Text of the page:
• Procedure was complicated by a type D dissection following rotational atherectomy due to severe wire bias.
  • Dissection was successfully treated with placement of two overlapping stents.
  • Troponin-I peaked at 0.56 ng/mL and CK-MB peaked at 6.6 ng/mL.
  • Patient was discharged home the next day without further sequelae.

Learning Objectives

  • What is the likely explanation or reason why the complication occurred?
    • Wire bias altering the trajectory of the rotational atherectomy device.
  • How could the complication have been prevented?
    • Use of a guide catheter which provides coaxial engagement helps reduce unfavorable guidewire bias.
      • Pay close attention to the ACT during the procedure and dose anticoagulation accordingly to maintain ACT >300 prior to performing an intervention (Hemochron machine).
      • Avoid performing rotational or orbital atherectomy in vessels which are highly tortuous with severe wire bias. As an alternative, consider performing laser atherectomy, intravascular Lithotripsy (IVL) (off label use in the USA), cutting balloon angioplasty for plaque modification and/or treatment of calcified CAD.
    • Is there an alternate strategy that could have been used to manage the complication?
      • Wire bias could have possibly been prevented by use of a Rota Extra Support wire instead of a Rota Floppy wire.
        • A stiffer wire can sometimes be used to straighten the vessel or lesion to lessen the resistance and possibly reduce wire bias.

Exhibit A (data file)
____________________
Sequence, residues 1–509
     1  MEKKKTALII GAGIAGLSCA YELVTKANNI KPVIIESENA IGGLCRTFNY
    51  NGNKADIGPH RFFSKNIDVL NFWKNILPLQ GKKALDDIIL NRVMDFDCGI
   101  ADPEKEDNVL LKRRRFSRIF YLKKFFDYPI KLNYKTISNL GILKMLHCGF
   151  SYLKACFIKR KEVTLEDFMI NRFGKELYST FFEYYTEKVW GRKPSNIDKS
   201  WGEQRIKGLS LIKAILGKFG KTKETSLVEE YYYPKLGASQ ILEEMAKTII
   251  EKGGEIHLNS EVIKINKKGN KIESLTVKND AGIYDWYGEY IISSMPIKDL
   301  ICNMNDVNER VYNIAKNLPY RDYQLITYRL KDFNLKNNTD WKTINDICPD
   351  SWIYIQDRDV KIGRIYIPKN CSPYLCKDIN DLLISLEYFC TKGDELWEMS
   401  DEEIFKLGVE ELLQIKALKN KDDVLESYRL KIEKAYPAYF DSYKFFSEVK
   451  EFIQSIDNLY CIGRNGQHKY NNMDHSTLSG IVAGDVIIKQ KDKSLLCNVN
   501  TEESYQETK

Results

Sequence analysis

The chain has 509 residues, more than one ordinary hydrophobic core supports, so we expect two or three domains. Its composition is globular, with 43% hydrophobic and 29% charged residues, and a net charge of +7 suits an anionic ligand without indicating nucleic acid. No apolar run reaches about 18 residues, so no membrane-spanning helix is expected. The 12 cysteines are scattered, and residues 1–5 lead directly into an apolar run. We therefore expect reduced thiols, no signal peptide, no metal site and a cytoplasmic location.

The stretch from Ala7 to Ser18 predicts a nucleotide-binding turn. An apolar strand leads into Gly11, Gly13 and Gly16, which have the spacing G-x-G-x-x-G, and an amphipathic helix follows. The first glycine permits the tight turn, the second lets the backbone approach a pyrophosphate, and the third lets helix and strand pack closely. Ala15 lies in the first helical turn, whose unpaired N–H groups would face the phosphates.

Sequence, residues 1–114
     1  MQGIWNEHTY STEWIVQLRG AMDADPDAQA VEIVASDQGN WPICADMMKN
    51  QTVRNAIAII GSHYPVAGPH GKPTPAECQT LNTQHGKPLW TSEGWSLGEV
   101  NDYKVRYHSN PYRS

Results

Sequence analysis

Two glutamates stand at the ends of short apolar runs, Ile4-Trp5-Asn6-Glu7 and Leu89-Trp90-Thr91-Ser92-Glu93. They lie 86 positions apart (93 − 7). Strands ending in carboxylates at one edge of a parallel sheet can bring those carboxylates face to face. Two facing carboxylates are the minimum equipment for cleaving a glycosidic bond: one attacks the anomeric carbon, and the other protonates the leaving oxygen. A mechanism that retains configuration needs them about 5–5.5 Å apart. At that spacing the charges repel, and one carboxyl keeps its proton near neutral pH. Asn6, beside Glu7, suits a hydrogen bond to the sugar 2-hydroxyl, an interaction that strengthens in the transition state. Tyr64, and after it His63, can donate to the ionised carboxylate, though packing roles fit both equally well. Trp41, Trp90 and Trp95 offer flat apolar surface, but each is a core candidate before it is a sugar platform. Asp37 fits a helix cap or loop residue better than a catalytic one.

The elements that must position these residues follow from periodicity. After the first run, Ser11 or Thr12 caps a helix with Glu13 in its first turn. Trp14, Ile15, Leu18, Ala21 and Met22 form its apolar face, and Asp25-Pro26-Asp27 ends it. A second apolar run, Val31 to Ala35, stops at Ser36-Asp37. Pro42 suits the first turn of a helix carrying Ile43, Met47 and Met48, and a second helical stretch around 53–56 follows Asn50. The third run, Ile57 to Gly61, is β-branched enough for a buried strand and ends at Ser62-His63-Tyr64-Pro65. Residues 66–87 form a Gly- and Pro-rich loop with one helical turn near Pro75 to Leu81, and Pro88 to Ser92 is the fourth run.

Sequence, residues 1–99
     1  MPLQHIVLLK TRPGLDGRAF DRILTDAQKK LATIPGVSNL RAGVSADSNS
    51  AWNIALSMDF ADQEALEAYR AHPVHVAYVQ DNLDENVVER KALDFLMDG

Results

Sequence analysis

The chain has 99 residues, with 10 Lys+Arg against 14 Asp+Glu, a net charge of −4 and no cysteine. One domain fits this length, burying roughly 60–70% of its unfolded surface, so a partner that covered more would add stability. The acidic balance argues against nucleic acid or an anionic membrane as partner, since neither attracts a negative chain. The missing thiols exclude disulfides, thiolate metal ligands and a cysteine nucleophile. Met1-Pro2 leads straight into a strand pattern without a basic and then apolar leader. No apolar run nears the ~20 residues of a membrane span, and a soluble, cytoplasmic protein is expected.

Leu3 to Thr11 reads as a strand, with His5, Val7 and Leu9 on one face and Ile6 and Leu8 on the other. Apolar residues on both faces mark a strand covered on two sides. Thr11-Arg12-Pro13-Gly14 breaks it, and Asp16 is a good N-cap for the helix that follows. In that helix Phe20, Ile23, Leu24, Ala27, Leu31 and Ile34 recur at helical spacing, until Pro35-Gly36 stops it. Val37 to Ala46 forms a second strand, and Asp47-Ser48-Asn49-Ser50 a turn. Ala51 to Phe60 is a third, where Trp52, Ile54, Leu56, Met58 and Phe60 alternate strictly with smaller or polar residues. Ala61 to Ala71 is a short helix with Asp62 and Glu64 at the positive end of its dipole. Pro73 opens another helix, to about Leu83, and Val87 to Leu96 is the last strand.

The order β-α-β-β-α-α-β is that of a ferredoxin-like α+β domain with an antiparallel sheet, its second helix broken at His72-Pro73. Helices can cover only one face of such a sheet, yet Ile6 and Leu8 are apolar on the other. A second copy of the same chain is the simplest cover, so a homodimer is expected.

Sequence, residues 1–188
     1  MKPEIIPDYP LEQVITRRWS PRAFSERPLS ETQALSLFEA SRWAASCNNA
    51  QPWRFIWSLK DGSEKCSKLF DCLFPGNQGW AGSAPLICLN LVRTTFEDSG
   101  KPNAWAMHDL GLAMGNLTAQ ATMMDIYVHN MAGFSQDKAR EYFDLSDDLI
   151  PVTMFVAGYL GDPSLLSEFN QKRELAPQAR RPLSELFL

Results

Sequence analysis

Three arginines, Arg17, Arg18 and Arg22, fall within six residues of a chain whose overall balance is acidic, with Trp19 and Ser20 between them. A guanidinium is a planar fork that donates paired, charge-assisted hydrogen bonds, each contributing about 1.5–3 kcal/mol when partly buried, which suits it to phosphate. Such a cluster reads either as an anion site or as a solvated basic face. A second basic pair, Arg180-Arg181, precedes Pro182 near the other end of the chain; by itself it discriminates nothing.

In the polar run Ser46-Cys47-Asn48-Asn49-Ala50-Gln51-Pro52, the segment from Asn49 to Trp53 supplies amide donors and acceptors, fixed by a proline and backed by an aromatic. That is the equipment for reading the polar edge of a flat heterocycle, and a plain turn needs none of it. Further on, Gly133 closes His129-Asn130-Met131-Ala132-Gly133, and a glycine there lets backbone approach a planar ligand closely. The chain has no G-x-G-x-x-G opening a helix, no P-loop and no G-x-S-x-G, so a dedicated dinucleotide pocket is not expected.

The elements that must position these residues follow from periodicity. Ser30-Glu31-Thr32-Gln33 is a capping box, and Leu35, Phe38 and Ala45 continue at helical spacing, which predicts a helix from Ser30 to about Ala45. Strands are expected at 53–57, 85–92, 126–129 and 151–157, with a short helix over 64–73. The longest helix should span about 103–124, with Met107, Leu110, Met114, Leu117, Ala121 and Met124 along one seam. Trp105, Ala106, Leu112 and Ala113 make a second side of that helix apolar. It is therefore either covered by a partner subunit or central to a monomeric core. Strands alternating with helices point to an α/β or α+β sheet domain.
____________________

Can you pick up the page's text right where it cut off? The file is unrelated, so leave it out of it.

• What are the important learning points?
        • This is a Type D dissection because of the presence of a spiral filling defect which is clearly outlined with persistence of extraluminal contrast which is present after contrast injection.
        • Need to be extremely cautious when using atherectomy devices in extremely tortuous vessels. Wire bias is more likely to occur in tortuous vessels and it increasing the risk of dissection or perforation.
        • Guidewire bias is when you have divergence from the central axis of the vessel and can result in ablation of normal tissue if the tension on the wall exceeds the elasticity of the vessel. To reduce sidewall tension:
          • Keep the tip of the guidewire just beyond the lesion
          • Use a stepped-burr approach starting with an undersized burr is preferred
          • When advancing the burr, do so at low speed to reduce there is less tension in the wire
        • There are two kinds wires that can be used when performing rotational atherectomy:
          • Rota Floppy Wire: Used in most cases, and is more flexible with a longer taper and shorter spring tip compared with the Rota Extra Support wire. This wire causes less vessel straightening, less wire bias, and allows for atherectomy along the greater curvature of an angulated lesion.